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Dance with Your Heart

Bronwyn Mulrooney. Bronwyn Mulrooney, $8.99 paper (204p) ISBN 978-0-620-71245-3

In this paranormal-based middle grade debut, 13-year-old dancer Gemma James attends the South African Ballet Academy in Johannesburg with her friends Dineo and Marley. Sneaking out after curfew one night, the girls meet Emily, the ghost that haunts the school. The daughter of the academy’s founder, Emily was a ballerina who died by suicide at age 16 after she learned that the boy she planned to wed had married someone else. With the help of their friend Mitchell and new student Ethan, the girls pledge to help Emily move on. Meanwhile, the Grade 7s are putting on a performance of Giselle, and Gemma hopes that landing a solo will prove she truly belongs at SABA. While the two plotlines never fully cohere, each is enjoyable as the group researches the history of the academy and Gemma deals with a bully and a crush in her quest for a solo. Despite the inclusion of a trio of stereotypical mean girls, Gemma and her friends all have authentic voices, and Gemma’s struggles resonate. Ages 8–12. (Self-published.)

Reviewed on 10/11/2019 | Details & Permalink

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Crier’s War

Nina Varela. HarperTeen, $17.99 (448p) ISBN 978-0-06-282394-6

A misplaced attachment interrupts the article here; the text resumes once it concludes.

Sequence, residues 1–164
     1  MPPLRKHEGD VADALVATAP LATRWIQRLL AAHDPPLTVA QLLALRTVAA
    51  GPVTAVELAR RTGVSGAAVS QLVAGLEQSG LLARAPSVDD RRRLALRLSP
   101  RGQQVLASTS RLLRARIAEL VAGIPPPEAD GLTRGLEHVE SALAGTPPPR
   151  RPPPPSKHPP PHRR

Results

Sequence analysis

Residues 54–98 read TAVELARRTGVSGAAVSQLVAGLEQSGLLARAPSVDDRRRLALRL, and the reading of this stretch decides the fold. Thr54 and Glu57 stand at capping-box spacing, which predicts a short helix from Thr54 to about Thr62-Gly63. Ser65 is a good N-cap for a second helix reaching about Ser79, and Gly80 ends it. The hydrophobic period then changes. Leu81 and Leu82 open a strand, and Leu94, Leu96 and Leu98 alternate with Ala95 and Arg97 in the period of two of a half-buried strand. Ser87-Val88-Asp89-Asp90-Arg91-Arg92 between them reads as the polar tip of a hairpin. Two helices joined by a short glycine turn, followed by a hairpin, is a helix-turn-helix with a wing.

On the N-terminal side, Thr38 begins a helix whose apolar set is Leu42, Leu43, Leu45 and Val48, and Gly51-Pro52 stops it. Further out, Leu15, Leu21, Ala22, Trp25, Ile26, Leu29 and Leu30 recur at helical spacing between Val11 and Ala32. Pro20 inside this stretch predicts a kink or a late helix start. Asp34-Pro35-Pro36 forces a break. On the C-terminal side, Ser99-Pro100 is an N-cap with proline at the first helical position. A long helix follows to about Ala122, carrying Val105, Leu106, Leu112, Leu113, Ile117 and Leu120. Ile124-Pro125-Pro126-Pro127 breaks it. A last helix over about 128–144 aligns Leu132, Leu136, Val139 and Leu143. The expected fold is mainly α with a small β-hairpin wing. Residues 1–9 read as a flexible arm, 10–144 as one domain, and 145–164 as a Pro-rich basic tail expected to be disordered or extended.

Fifty years ago, the Automae—created with alchemical magick, automaton components, and flesh and bone—won the War of Kinds, subsequently enslaving their human creators. Crier, the Designed daughter of Sovereign Hesod, an Automata, prepares for a politically advantageous marriage to Kinok, a philosophizing war hero. After Kinok uses blueprints to reveal that Crier is Flawed, she is thrown into an existential crisis, even as she questions Kinok’s ultimate objectives. Meanwhile, 16-year-old human revolutionary Ayla schemes to kill Crier in order to avenge the murders of her family by Hesod’s soldiers. But after Ayla saves Crier’s life and is rewarded with a coveted position as her handmaiden, the two young women must confront their shifting emotions about human and Automae coexistence, even as the tension between their Kinds builds toward war. Tropes, including an enemies-to-lovers plotline, prevail in Varela’s dystopian debut, which employs increasingly captivating political machinations among the intricately linked characters to create a suspenseful read with particular appeal to fans of queer romance. Ages 14–up. Agent: Patrice Caldwell, Howard Morhaim Literary. (Oct.)